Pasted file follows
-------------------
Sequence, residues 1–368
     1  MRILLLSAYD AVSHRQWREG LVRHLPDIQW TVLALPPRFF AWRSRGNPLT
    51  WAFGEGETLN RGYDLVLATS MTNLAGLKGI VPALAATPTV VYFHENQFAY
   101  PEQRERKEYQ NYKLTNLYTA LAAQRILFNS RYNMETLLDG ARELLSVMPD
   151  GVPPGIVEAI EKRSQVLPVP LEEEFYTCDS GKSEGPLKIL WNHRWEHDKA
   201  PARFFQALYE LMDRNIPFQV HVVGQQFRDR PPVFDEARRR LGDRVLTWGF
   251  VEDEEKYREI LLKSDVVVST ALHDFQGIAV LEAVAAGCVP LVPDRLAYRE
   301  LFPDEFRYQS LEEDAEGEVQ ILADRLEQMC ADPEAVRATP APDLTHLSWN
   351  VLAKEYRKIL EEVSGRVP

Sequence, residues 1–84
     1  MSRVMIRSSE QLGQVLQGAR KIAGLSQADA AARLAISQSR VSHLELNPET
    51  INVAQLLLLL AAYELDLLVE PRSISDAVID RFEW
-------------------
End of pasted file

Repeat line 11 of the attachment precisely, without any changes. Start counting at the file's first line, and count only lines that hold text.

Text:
     1  MSRVMIRSSE QLGQVLQGAR KIAGLSQADA AARLAISQSR VSHLELNPET